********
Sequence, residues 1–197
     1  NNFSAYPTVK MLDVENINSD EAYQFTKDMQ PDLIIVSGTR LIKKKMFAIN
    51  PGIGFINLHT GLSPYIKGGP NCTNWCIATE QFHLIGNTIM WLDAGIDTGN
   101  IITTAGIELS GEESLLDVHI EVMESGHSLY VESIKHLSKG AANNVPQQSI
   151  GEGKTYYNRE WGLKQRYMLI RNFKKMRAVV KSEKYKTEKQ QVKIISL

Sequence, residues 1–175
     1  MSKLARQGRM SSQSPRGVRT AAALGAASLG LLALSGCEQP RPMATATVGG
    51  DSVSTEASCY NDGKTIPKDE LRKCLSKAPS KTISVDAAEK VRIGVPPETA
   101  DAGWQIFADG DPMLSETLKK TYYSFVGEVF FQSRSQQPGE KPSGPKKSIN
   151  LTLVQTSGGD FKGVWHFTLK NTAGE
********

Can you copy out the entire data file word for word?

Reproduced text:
Sequence, residues 1–197
     1  NNFSAYPTVK MLDVENINSD EAYQFTKDMQ PDLIIVSGTR LIKKKMFAIN
    51  PGIGFINLHT GLSPYIKGGP NCTNWCIATE QFHLIGNTIM WLDAGIDTGN
   101  IITTAGIELS GEESLLDVHI EVMESGHSLY VESIKHLSKG AANNVPQQSI
   151  GEGKTYYNRE WGLKQRYMLI RNFKKMRAVV KSEKYKTEKQ QVKIISL

Sequence, residues 1–175
     1  MSKLARQGRM SSQSPRGVRT AAALGAASLG LLALSGCEQP RPMATATVGG
    51  DSVSTEASCY NDGKTIPKDE LRKCLSKAPS KTISVDAAEK VRIGVPPETA
   101  DAGWQIFADG DPMLSETLKK TYYSFVGEVF FQSRSQQPGE KPSGPKKSIN
   151  LTLVQTSGGD FKGVWHFTLK NTAGE